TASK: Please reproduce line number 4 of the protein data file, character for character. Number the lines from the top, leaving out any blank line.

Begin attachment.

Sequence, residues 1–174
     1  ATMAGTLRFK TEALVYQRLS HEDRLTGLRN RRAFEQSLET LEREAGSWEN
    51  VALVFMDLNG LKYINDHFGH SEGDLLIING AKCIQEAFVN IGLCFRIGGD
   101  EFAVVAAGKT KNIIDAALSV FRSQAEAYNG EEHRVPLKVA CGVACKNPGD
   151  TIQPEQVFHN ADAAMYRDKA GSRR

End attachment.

   101  EFAVVAAGKT KNIIDAALSV FRSQAEAYNG EEHRVPLKVA CGVACKNPGD